Most times I don't think much about the people I wait on unless they piss me off or make me laugh or wrongfully accuse the valet of stealing $3000 cash from a purse left in a car (True story.). But sometimes I wait on people who touch me, whom I think about long after I've cleared their dishes, sometimes for reasons I can't quite put a finger on. This was the case Sunday when I waited on a couple celebrating their 59th wedding anniversary.
Now, 59 years of wedded bliss to me seems pretty bogus. My mother's been married four times and my Dad left my mom for the woman he's married to now, so faithfulness in matrimony has long seemed like an illusion to me. For the longest time I just assumed that folks who were married all their lives had to be the most miserable of all the millions of miserable people in the world. I've spent most of my life believing that people cannot be faithful to one person their entire life. I've long thought that lifetime monogamy was something of fiction, a fairytale, and that the only way I could ever be happy is to never trust a man who says he will love me forever. Because he is either delusional or lying.
And then I met the boyfriend. And I really wanted that whole lifetime commitment thing to be real. Despite my inherent mistrust of him, he assured me that married people often do really love each other and remain faithful and commited partners as long as they both shall live. Until his father died, the boyfriend grew up under parents very much in love and committed to one another. At the time he told me this I was sure there had to have been a clandestine affair between his father and one of his co-workers. Because, I thought, that is how people are.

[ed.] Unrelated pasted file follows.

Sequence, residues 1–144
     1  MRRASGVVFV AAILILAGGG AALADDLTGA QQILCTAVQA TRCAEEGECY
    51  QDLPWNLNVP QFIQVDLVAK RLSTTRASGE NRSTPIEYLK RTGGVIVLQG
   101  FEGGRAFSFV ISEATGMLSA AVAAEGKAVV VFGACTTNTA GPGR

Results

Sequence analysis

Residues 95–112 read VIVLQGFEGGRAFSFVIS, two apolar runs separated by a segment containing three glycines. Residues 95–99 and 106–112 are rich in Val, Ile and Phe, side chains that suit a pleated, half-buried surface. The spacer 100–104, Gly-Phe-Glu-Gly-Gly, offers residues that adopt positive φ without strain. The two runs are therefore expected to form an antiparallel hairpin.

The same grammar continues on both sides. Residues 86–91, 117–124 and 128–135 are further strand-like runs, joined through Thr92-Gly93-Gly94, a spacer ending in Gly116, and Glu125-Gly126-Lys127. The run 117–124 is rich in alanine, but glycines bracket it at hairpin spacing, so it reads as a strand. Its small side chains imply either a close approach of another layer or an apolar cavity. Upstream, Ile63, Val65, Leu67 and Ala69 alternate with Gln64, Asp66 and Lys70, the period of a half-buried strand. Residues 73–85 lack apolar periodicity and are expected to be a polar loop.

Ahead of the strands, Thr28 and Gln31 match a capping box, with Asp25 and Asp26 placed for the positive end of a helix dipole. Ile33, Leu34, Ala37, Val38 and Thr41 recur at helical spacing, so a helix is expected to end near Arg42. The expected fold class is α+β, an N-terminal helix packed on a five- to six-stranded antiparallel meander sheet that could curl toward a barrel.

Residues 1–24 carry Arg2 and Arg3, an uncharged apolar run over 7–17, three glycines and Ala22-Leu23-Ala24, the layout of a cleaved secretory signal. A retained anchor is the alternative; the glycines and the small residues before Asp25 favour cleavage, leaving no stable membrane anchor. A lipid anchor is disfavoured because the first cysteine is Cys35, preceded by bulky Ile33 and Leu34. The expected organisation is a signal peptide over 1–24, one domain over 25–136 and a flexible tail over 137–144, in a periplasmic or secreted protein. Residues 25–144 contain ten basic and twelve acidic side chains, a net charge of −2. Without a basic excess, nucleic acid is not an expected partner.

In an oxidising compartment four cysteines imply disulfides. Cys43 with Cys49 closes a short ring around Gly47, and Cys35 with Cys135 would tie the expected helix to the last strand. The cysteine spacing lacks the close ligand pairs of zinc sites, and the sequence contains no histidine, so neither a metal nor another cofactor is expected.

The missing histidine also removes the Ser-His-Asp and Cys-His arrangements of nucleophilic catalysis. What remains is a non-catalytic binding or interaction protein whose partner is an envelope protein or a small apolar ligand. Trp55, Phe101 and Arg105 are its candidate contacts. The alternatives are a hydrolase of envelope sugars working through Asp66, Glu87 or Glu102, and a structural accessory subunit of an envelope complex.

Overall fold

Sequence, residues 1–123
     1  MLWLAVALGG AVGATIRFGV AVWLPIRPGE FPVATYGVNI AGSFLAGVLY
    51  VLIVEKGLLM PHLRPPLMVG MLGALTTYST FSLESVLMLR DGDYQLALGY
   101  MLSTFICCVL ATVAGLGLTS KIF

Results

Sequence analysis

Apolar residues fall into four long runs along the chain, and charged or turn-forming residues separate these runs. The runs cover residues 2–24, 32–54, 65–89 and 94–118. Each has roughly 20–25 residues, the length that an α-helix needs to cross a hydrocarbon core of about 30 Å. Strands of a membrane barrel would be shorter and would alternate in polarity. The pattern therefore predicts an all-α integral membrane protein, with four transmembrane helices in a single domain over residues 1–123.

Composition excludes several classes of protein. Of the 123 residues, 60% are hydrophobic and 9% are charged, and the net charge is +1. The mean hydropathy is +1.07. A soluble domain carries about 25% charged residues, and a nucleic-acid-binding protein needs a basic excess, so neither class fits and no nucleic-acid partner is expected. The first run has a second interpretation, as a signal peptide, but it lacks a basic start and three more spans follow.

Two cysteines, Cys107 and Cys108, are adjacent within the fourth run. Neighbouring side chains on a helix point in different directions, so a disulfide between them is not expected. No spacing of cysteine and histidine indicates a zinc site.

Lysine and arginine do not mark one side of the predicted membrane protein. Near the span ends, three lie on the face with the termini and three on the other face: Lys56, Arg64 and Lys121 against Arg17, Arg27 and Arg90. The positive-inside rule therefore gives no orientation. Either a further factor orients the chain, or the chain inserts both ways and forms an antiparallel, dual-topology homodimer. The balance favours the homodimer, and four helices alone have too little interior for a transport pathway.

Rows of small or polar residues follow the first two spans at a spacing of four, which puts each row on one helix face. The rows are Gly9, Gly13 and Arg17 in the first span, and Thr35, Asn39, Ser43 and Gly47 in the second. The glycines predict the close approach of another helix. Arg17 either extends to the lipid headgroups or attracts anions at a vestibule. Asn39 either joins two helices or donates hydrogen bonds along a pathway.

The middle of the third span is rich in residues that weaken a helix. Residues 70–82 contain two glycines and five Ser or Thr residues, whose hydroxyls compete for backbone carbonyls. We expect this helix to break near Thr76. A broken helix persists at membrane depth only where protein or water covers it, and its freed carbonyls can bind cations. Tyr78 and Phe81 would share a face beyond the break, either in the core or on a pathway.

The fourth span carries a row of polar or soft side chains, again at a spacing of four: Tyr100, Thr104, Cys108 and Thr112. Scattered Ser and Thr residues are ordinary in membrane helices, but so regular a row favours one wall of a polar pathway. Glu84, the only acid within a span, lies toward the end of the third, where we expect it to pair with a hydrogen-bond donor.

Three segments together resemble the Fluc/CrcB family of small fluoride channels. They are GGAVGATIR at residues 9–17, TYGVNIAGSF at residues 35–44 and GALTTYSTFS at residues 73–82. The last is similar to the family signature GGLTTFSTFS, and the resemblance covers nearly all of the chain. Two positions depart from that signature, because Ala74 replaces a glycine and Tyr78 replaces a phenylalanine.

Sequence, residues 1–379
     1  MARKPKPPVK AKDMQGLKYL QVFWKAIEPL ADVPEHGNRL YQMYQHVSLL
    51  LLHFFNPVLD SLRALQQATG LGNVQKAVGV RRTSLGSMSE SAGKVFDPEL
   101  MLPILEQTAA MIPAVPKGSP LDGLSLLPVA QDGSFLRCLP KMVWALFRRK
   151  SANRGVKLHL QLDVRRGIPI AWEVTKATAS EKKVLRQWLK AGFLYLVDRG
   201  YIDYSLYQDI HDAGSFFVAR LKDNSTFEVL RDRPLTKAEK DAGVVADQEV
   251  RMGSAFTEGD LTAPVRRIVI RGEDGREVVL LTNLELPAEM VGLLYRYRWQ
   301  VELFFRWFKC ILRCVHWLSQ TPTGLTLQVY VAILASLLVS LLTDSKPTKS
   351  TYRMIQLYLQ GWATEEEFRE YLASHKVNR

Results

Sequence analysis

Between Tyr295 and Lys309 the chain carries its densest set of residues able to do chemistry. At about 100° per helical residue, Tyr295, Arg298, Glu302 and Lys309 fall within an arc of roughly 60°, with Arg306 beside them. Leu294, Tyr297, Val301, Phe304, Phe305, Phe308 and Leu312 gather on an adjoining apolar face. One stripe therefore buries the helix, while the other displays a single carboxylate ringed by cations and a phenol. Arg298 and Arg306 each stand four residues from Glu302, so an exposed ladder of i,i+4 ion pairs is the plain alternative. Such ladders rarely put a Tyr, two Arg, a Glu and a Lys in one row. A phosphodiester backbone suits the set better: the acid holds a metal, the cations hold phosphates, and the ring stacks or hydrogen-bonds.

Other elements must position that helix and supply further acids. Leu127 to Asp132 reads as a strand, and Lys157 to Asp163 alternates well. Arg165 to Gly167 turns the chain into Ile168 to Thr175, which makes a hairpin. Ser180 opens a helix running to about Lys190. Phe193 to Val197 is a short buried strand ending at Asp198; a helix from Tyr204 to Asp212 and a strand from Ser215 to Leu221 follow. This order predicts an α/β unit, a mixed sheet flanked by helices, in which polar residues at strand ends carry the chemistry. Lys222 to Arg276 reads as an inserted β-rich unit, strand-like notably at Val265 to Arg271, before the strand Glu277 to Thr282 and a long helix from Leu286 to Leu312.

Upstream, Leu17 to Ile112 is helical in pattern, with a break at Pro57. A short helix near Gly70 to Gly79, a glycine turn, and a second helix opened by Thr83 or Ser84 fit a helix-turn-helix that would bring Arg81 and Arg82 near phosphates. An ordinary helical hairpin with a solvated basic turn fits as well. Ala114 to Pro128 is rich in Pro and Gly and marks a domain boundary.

Over time I've come to trust my partner more and more. It's been really rough road though, one tracked with tons of tears. I want to believe that he'd never stray, never think of straying, but every expereince this body has had to the contrary screams that can't be true. Then I watch as he proves to me over and over again that he means what he says. It's scary when I let go and begin to fully trust.
That couple celebrating their 59th wedding anniversary looked as giddy and blissful as two kids on prom night. The sweet, old man told me three times how long he's been married to the woman at his side. He was so proud. I told him he was lucky, that she was very beautiful, and she was. She beamed at him when he spoke of their love.
"She's lucky too," he corrected me, "It's a two-way street."
Then he asked me if I wanted to know the secret to a 59 year marriage. His eyes were sparkling with the answer. Of course I wanted to know.
"You just got to chit-chat with each other." When he said it he nodded one time as if nothing in the world could be more true. I looked at his bride and she nodded in agreement.
I was clearing their table after they left when the old man came up to me again and shook my hand. "It was great, thank you so much," he grinned. His hand was cold and felt like tissue. "And don't forget: chit-chat!" Then he slowly turned and joined his wife, a face he's returned to tens of thousands of times.
I can't stop thinking about those two, about what their days together must be like. And the thought gives me a lot of peace. Also, it makes me want to chit-chat with the boyfriend.